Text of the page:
The little girl went to the mirror, made a cheerful grimace and winked herself. Her brown hair was more rebellious than mommy would have liked. So she tapped it with her hand, only to make it worse. Then she rushed outside the room, slamming the door against the wall. She ran down the spiral staircase, eager to get to dinner. The next day was Christmas Eve and she wished she could skip today and jump straight into the magical night.
In the dining room the table was already set. Her sister was waiting patiently, sitting straight in her chair. Tina tried to calm her agitated breath and adopt an elegant bearing. As she took her seat, she threw an accomplice look to her sister. “She didn’t comb her hair, yet again”, Ela thought to herself. But, despite the expected rebuke, dinner unfolded without incidents. Perhaps the parents were also caught up in the excitement of the following days, and were too busy or too amused.
Later on, the little girls were sitting tight, against each other, on the large, beautifully set bed in Tina’s bedroom. They were whispering, although nobody was around.
‘Do you believe Santa is watching us?’, Ela asked, glancing furtively at the big, bright window.
‘Not sure’, said her sister, unwittingly imitating Ela’s look.
‘Think they can tell we’ve been going through the sweets?’, said Ela in a firm voice, suddenly preoccupied with more practical concerns.
‘Hmm, …think not… We’ve been careful to leave everything exactly the same.’
‘Maybe we shouldn’t do this when they’re out .’
‘Riiiiight’, Tina chuckled, ‘It’s not like we’ve been doing it every year and they haven’t got a clue!’
‘Hey, remember when we used to keep watch to see Santa coming with the presents?’
‘Yep. Me five minutes, then you another five minutes for about half hour. After which we’d fall sound asleep. Only to wake up to find the presents already under the tree.’
‘Time passes sooooooo slowly’, Ema whined. ‘Couldn’t today be tomorrow?’
‘Wouldn’t that be nice? ‘
‘Can’t we make it tomorrow?’
‘How?’, said Tina; her eyes bright with the anticipation of the game she was sensing being invented on spot.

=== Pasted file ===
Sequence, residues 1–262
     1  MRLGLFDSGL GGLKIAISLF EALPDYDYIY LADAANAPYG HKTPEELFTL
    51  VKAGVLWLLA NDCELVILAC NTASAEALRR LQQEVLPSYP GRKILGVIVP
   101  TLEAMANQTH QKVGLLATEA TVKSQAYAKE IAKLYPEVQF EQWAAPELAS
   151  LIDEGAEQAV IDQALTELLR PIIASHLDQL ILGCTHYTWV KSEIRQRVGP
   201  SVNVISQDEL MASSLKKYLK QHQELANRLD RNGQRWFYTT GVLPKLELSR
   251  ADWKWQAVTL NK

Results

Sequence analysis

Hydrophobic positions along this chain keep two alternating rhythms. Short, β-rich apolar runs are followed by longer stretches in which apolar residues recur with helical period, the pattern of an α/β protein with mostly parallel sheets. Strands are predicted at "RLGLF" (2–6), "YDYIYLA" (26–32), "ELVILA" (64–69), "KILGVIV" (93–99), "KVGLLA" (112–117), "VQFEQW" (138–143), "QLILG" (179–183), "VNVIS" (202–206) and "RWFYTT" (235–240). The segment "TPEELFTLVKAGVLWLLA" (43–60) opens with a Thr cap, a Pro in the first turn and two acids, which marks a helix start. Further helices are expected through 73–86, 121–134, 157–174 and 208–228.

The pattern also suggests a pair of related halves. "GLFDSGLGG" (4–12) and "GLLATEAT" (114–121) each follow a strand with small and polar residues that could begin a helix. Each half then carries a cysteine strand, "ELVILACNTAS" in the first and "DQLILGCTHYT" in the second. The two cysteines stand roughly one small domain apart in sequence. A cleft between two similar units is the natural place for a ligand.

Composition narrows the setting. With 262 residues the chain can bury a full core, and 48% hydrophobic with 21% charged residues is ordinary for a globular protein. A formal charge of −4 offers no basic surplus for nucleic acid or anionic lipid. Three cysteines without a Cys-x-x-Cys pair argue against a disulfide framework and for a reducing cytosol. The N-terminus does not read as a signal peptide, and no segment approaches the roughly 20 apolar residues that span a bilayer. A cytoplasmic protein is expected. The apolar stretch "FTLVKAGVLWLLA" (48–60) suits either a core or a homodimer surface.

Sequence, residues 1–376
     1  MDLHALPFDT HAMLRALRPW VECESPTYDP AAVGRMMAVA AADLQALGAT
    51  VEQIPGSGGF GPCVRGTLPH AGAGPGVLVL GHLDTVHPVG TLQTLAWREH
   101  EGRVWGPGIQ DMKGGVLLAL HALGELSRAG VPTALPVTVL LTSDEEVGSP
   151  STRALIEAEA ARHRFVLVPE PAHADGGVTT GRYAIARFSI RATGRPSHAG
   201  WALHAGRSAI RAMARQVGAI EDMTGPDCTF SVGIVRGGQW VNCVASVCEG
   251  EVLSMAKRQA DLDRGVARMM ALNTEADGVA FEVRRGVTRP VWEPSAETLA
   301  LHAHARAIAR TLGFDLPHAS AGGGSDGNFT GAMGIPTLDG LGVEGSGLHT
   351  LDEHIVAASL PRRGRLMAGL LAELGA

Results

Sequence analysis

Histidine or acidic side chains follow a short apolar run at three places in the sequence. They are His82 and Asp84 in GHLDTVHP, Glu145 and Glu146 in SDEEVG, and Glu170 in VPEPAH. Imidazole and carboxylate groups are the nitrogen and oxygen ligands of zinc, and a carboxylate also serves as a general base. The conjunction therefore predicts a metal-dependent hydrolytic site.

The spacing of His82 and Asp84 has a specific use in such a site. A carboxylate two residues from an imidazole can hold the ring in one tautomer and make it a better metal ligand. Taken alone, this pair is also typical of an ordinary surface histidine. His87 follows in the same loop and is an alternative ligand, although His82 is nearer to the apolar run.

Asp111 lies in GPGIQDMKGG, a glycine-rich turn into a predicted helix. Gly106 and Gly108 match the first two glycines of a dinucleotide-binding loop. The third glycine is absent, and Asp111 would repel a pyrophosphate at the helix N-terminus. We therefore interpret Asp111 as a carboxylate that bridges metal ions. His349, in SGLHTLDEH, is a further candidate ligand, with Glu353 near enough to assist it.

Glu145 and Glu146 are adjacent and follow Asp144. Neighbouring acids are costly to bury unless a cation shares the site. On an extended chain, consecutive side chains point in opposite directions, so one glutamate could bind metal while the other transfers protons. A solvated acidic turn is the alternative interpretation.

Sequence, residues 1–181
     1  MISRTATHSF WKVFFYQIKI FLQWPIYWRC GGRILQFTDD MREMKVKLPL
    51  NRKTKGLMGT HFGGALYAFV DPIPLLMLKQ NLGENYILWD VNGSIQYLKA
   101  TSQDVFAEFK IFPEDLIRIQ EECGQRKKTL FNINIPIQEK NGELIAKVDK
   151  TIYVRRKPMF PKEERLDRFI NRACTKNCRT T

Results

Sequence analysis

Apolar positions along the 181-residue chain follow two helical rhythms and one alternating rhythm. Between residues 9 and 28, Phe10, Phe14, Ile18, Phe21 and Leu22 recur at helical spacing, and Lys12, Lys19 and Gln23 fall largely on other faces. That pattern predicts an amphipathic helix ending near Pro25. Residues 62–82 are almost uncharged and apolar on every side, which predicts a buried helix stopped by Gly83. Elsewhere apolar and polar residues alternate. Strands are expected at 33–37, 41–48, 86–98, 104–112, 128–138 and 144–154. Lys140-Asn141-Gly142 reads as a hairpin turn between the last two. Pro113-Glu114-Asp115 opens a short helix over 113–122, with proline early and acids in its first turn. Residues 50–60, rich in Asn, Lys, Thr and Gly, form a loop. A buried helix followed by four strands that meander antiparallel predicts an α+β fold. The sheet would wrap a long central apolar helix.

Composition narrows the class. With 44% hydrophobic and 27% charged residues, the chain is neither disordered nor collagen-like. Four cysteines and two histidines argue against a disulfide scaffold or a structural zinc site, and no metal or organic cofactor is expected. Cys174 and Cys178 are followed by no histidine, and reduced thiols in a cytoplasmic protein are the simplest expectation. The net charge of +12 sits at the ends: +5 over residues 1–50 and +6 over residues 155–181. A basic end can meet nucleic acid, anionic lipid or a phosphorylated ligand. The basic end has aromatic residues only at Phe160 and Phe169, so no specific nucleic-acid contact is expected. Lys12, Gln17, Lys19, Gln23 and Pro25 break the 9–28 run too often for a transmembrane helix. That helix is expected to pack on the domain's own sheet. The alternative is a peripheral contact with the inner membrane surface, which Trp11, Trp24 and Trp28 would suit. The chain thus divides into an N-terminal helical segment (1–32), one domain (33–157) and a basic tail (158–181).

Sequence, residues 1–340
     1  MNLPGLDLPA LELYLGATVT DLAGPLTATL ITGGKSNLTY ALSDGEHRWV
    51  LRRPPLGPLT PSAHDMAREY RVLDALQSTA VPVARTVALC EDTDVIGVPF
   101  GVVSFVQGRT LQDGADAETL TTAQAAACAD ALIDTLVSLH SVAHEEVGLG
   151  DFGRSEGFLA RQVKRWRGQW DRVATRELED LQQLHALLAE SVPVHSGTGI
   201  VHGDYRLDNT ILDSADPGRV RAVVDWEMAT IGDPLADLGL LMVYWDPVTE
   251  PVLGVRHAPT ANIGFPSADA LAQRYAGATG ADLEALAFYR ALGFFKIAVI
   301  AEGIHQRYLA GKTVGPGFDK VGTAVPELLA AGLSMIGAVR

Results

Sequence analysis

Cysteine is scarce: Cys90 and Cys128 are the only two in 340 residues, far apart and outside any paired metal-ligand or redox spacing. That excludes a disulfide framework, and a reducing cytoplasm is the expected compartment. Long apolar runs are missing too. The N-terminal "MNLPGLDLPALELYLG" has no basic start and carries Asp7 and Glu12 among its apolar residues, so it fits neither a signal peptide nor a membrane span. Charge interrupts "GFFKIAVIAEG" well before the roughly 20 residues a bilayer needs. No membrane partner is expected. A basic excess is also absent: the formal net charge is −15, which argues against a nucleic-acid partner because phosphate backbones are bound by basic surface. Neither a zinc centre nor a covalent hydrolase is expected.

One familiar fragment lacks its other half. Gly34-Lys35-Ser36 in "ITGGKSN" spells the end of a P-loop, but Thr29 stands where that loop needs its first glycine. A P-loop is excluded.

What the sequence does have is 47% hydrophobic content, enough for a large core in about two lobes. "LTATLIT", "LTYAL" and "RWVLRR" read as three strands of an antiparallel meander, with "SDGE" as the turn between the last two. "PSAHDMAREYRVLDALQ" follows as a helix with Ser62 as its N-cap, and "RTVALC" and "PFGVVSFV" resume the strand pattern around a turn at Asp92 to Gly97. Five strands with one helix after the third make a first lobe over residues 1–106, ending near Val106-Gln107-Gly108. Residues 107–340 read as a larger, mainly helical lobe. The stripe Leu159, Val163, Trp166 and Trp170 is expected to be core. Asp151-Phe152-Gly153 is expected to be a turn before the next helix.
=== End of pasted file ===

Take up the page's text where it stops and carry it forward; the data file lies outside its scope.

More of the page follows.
‘Let’s put a dot to it.’
‘Yes! Let’s put a dot to this day. Make it finish!’
‘Yes, yes!’, Tina enthused, clapping her hands. ‘And how exactly do we do that?’, followed a grave question on a deliberately serious tone.
‘Well.. easy! We just put a Dot to it. Like so’, said Ela and stood up. She gathered her hands above her head, then separated and lowered them in an ovoid shape. Then gathered them again, just above the bed. She straightened her back with her face flushed, smiling at her sister. ‘Like that!’
‘Yes, but it won’t work unless we put it together!’
‘Absolutely!’, Ela continued with fervor one of their favorite games.
‘Nooo, not fair! That doesn’t count! There’s more than one word in it!’
‘And „no doubt” is one?’
‘Let’s just put the dot’, Ela gave in.
‘Yeah, but it’s not good on the bed.’
‘On the floor. So it can work’, the little girl exaggerated, with that specific emphasis that children often put into their games.
That said, the sisters rose from the bed and faced each other. They joined their hands and drew a circle of sorts in the air. Then they sat back, satisfied, after a job well done.
‘So, what do you think you’ll get this year?’, Tina retook the conversation.
‘I want a pretty doll with long hair, so I can try fancy hairdos every day! And you?’
‘Emmm…No dolls. Especially not with long hair. I wouldn’t have the patience to fix it. Plus I’m no good at it.’
‘I would do your’s too!’, Ela rushed to solve such an insignificant detail.
‘Nooo… I want an interesting game. Something that really captivates the imagination’, explained Tina in words that she didn’t fully understand. But heard ”the grown ups” use.
‘Anyway, let’s not rush with the discussions. We can’t tell for sure.’
‘I want a fairy costume’, Ela went on, ignoring her sister’s call to reality. ‘A full costume, with a dress and silver shoes…’
‘Yes, yes! And with a magic wand and… and… magic stardust’, Tina got carried away.
‘One that can cast spells!’, both girls said as one.
‘Hmm, but a princess one would do too’, Ela amended reasonably.
‘Yes. Still, a fairy one is nicer!’
The discussion must have went on, sliding on the miraculous slopes of assumptions and riddles. For how long, and what turns it may have taken, that we do not know. But, a while later, in the bluish evening, two little girls were sleeping in the large bed of a warm bedroom, surrounded by the sweet mystery of dreams.